Learning – Do Machines Deserve The Same Patience As We Allow Humans?

Recently, we have all been focused on digital ethics, especially in the wake of AI and related technology. It has the power to do several tasks a lot quicker with greater accuracy (still questionable) than a human can.

How much time are we prepared to give to machines and creators to make mistakes and learn from them?

Whilst ethics is the right thing to be focused on to ensure that the builders of such technology are able to address questionable ethics, biases, and judgments before building a piece of artificial intelligence that could be counterproductive. After all, let’s face it, the machine and AI need to work for all humanity, ethnicities, races, ages, you get the point. However, as we continue down the route of building standards and practices locally and globally, are we really considering the time we allow machines and builders of these machines to learn, grow and improvise? How much time are we prepared to give to machines and creators to make mistakes and learn from them?

Patience With Humans When Learning

Let’s consider this example. Typically, a human in a new job after, let’s say graduation, will be allowed some time to get to know the systems, processes, and people. This may be in addition to an internship which. It is of 2–3 years in one or a few job roles before we start expecting real results and growth, or mistakes not being made on the job. At least that’s how a graduate scheme works over extended periods.

For experienced professionals also, there are 3–6 months in any new role where they are supported to learn before being expected to start delivering results. And so, my question is; do we allow such time for machines, and businesses building such AI to have the room for mistakes, learn and grow from their consumers?

Granted the machines may do it a lot quicker and so in that case what is our patience level requirement with the machine and the builders of AI? Typically, you wouldn’t fire an employee without considerable training, performance management etc.

Patience With Machines When Learning

Are we going to allow AI to do the same as businesses and individuals that consume that piece of AI? Or is it up to the business/technologists building particular AI or machine learning tool that need to take that responsibility fully?

If they take that responsibility, how much time and monetary support are we prepared to provide as businesses and individuals consuming the technology? Patience is expected when dealing with humans especially in cases of underperformance and mistakes. What about the bots right? Or do they not get any rights and room to learn once deployed to a client? Should consumers learn more patience? Should there be a process for consumers to highlight their concerns and allow sufficient time to rework on a particular code and AI, redeploy and re-test?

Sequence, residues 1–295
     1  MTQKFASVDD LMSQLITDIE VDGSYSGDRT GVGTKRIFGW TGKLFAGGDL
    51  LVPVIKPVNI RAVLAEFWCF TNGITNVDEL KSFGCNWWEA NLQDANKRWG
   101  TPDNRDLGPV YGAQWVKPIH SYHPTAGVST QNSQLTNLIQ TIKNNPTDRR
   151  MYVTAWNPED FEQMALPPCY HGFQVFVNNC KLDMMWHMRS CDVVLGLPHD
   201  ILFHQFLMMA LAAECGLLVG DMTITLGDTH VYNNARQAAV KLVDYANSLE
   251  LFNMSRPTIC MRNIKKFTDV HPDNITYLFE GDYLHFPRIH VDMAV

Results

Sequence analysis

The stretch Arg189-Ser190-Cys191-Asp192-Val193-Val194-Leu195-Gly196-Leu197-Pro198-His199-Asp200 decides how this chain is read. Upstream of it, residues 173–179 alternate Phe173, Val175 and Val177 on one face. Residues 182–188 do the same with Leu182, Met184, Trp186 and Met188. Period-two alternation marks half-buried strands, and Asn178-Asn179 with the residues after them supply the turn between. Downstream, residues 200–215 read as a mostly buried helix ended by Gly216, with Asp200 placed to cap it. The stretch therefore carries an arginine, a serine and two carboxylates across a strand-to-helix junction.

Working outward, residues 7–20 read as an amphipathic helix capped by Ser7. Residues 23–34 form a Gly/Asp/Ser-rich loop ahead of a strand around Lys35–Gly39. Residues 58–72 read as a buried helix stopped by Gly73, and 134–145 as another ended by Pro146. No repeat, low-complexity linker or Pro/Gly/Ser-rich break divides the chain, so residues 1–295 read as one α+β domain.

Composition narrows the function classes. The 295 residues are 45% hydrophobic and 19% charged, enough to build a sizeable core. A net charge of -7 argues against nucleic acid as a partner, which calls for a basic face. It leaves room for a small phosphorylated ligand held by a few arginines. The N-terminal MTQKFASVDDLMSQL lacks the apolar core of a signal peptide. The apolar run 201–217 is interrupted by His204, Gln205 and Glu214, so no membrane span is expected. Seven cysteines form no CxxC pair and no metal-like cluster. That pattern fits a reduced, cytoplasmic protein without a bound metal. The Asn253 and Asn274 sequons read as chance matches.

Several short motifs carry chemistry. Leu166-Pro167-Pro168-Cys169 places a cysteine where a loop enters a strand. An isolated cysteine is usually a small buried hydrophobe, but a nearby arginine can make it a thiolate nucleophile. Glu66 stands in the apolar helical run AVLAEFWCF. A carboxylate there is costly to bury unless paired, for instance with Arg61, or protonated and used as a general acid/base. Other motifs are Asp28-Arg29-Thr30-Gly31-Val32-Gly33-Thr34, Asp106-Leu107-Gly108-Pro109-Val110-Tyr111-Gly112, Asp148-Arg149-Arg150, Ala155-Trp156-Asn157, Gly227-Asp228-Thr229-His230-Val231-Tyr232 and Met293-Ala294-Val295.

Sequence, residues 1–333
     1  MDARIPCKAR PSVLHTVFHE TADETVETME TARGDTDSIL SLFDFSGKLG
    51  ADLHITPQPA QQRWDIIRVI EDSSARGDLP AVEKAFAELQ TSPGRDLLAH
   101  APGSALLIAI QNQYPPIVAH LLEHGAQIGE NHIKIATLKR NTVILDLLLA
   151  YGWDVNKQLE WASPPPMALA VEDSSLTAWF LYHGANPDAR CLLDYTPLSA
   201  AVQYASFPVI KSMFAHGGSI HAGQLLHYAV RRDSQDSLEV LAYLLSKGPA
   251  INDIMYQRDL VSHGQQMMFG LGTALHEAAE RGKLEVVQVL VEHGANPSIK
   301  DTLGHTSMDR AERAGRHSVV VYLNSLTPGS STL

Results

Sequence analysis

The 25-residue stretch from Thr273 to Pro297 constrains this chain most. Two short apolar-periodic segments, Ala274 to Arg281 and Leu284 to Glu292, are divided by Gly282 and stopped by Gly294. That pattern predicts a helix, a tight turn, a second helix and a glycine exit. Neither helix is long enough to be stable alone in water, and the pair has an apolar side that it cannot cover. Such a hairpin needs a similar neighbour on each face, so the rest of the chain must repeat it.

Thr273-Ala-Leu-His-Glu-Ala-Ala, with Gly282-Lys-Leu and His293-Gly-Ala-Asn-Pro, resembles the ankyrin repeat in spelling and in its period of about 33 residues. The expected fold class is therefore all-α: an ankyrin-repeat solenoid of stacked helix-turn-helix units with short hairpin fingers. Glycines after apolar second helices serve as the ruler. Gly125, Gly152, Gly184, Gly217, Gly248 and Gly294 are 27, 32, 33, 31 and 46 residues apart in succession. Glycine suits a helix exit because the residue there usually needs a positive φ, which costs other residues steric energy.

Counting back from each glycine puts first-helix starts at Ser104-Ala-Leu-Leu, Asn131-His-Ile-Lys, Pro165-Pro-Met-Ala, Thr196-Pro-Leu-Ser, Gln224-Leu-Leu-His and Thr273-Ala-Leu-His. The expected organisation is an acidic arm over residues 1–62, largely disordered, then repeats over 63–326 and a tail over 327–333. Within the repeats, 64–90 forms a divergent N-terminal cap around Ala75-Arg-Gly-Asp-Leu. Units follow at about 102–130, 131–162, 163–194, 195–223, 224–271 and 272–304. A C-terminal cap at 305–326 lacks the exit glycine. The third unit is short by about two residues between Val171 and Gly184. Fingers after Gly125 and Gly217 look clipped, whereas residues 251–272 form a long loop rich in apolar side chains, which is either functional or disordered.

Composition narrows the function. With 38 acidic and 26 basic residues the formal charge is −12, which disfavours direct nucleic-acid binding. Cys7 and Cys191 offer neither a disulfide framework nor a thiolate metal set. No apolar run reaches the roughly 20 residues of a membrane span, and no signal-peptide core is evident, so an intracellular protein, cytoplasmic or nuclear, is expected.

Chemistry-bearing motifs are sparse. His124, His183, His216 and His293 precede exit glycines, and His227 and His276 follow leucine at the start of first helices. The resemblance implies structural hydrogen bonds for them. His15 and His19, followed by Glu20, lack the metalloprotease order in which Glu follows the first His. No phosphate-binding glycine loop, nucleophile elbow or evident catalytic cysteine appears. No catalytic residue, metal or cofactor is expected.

I understand that a counter-argument is that such technology builders should not deploy tech that is not already tested and refined. But, let’s face it, if we had the same constraints on humans, most of us would not have had our first, second and third jobs to learn and grow from. Besides, the builder of machines can do hundreds of checks and balances on test data sets. However, code reacts to live sets of data differently due to size and behaviour. It will pick things up that it is not familiar with, and break.

What are your thoughts? Share this if you agree. Comment and message me if you are interested in learning more about us, what we do and how we can help businesses and managed service partners with their total agile/contingent workforce.

Bhumika Zhaveri
Bhumika Zhaverihttps://interimarket.com/blog
BHUMIKA is a serial entrepreneur with experience in business strategy, change, human resources and talent management. Her expertise has been built over years in varied sectors where she has worked as a consultant. Most recently leading change programmes from a people perspective. Founder & CEO of BZ Consultants, simplicity hacker passionate about people, growth and change. Her unconventional thinking and mentorship have benefited many people with their own professional success and development through her career support services she has been providing on a voluntary basis since April 2012. Most recently Bhumi is involved in launching her tech start up InteriMarket which is an online platform focused on supporting the “gig economy” for B2B and B2C building an online ecosystem to enable relevant and better networking, collaboration and talent management. Academically she has obtained BA (Hons), PG in Project Management, MBA in Finance with a specialist license as a career counsellor and personal success coaching. She is also pursuing her Executive and leadership coaching at present and takes a keen interest in people, psychology and behaviours that advocate of her being a thought leader in the field. She is also an author and speaker on various subjects including women empowerment, entrepreneurship, talent management, coaching and leadership. She is a firm believer of success through people and culture, which she will be writing more about in the coming weeks and months. She is passionate about everything she works on and this is reflected in her energy and communication.




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